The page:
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Working with Multiple Channel Partners

February 22, 2011 - 1 Comment

Guest Post by Contributing Author Ken Presti

It doesn’t happen every day, but every now and then, small businesses find themselves working with more than one channel partner at the same time. At first glance, this might not appear to be a big deal, but whenever you’ve got two people, or two groups, or two companies working so closely, things can easily get a little gummed up. Often there are battles (or, perhaps, cold wars) over control, access, control, responsibility, and control.

Did I mention control? When things are going right, everybody wants to demonstrate that they have it. When things are going wrong, control is something that has always been in the other camp.

But working with more than one channel partner is not necessarily a bad thing if the circumstances are right and the framework is properly set up. The key is to have clearly defined demarcations around whom is responsible for what. Two partners with the same expertise trying to work together within a limited context is almost always a recipe for disaster. But if one partner is an expert in a particular technology category, and the other partner has different responsibilities, then there is a better than even chance that they will be able to work together effectively.

For example, you might know a channel partner who can blow everyone’s doors off when it comes to security, or unified communications, or any of a handful of other clearly specialized disciplines. Meanwhile, your other partner might be particularly well suited to your particular industry, or perhaps you’ve been working with them since Ethernet was a cutting-edge buzzword, and they know more about your IT setup than anyone else on the planet. These are two fish that might be able to swim in the same tank!

Or sometimes you might be able to segment the responsibility be geography. If you have offices in London, Paris, and Boise, you might be hard-pressed to find a channel partner operating in all three locales. In this case, the segmentation sort of resolves itself.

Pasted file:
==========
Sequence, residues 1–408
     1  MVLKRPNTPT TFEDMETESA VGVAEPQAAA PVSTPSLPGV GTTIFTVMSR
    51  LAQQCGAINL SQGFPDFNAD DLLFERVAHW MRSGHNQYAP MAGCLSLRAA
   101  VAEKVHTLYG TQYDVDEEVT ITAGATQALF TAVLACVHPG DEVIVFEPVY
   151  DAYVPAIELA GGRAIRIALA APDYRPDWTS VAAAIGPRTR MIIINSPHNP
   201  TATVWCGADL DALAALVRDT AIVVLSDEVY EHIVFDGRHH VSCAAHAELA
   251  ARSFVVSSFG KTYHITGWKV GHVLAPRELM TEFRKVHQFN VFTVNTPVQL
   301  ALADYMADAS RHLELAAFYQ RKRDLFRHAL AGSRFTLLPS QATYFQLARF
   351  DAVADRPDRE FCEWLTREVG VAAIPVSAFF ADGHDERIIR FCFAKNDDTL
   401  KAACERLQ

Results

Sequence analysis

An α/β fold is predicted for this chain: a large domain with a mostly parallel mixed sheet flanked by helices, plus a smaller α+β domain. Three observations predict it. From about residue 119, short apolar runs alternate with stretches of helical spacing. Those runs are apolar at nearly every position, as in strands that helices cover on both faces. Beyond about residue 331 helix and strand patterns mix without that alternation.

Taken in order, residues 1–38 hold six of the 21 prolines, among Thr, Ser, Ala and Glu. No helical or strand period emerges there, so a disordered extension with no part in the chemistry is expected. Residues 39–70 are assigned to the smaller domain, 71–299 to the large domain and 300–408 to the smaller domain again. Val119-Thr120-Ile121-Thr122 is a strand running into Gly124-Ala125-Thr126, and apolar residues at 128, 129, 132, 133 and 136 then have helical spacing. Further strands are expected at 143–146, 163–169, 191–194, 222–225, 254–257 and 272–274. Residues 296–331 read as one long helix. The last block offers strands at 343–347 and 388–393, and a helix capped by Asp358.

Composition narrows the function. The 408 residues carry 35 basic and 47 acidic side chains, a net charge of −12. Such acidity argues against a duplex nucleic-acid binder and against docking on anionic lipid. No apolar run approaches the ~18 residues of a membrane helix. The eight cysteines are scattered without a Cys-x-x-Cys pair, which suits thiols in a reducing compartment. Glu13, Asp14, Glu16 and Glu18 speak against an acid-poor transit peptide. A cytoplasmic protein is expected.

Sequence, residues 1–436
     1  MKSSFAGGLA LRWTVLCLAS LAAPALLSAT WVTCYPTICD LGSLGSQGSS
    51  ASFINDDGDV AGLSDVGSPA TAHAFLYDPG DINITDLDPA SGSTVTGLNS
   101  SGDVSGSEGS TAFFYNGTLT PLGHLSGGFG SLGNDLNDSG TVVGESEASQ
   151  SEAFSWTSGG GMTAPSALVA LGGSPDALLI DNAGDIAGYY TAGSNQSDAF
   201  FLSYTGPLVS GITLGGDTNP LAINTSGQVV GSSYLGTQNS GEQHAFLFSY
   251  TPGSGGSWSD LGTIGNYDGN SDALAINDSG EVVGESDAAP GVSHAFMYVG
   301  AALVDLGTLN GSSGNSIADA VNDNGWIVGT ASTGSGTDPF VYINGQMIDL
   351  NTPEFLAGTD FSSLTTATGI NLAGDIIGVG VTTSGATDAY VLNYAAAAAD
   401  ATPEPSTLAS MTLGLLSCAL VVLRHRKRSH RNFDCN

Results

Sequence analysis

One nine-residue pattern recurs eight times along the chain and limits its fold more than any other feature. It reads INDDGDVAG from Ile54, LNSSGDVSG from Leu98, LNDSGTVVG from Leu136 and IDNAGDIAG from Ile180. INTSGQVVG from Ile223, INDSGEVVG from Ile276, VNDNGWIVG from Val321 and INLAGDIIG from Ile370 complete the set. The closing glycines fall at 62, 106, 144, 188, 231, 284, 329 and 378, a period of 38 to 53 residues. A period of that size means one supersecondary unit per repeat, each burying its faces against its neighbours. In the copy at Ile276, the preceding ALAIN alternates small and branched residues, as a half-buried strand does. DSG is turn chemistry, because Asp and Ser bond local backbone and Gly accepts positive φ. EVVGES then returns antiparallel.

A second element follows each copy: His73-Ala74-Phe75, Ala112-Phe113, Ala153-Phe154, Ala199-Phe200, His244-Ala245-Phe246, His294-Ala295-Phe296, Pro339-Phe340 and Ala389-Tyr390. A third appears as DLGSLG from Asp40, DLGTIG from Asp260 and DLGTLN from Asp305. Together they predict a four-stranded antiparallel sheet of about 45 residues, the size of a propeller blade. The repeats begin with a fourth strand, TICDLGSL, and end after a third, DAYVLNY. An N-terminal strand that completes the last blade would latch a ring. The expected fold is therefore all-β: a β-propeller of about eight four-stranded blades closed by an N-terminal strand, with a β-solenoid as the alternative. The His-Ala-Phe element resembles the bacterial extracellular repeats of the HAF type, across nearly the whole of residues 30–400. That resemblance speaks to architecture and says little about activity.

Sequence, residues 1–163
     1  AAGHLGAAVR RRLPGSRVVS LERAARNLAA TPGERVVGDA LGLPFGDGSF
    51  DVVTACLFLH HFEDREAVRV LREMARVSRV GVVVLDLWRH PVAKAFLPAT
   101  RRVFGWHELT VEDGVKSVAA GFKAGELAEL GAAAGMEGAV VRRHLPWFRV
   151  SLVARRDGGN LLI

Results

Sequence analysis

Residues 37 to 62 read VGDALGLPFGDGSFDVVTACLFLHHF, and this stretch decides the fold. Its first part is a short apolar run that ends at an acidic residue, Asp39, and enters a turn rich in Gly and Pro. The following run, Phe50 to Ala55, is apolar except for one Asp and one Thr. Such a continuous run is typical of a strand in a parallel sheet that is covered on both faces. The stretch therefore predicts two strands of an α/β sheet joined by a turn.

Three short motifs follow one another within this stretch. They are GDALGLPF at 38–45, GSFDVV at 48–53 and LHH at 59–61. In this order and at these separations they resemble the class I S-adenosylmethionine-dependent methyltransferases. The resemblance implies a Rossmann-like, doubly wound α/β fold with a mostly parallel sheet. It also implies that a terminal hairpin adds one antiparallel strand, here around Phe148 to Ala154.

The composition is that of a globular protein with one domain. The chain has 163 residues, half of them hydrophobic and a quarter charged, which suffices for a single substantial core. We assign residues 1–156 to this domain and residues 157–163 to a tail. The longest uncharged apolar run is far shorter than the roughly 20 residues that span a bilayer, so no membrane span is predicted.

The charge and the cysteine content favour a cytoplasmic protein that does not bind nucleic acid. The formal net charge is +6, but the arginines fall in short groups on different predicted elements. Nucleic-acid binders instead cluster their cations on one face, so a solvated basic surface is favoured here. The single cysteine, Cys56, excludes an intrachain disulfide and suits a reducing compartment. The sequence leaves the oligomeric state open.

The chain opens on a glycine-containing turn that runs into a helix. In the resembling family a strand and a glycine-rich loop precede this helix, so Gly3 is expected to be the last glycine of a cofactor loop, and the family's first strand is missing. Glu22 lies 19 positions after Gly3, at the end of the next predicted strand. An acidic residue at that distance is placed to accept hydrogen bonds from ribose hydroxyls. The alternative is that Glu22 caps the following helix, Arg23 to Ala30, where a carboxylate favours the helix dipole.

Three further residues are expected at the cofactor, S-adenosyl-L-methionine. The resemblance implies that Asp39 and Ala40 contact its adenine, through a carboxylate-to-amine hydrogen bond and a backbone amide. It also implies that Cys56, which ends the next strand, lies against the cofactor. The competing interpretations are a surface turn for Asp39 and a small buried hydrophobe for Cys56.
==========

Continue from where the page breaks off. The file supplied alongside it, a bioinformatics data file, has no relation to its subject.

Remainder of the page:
In either case, it is usually more manageable and cost effective to have a prime contractor-sub-contractor arrangement. More often than not, one bigger project can be less expensive than two smaller ones. Plus, prime-sub has a tendency to minimize the finger-pointing because, at the end of the day, the prime contractor is almost always responsible for the ultimate success of the project. Of course, when you go this route, the customer often loses some of the control over who the sub-contractors will be. And that’s not too surprising. After all, if I’m going to be responsible for the things that will be done by somebody else, I’m going to want to hand pick the people who will be doing it.

The common denominator is around accountability and clarity. And it will be your job as the customer to ensure that everyone is on the same page. Others may claim that they can offload that from you. But ultimately, it’s your business and its your project, so the true burden of oversight remains at home. But with due diligence and good communication, working with multiple channel partners can often achieve higher outcomes than working with a single partner trying to work beyond their normal range.

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  1. Working with multiple channel partners can either have good or bad outcomes. Indeed good communication and diligence can work things out. But I say understanding and cooperation are also some important keys.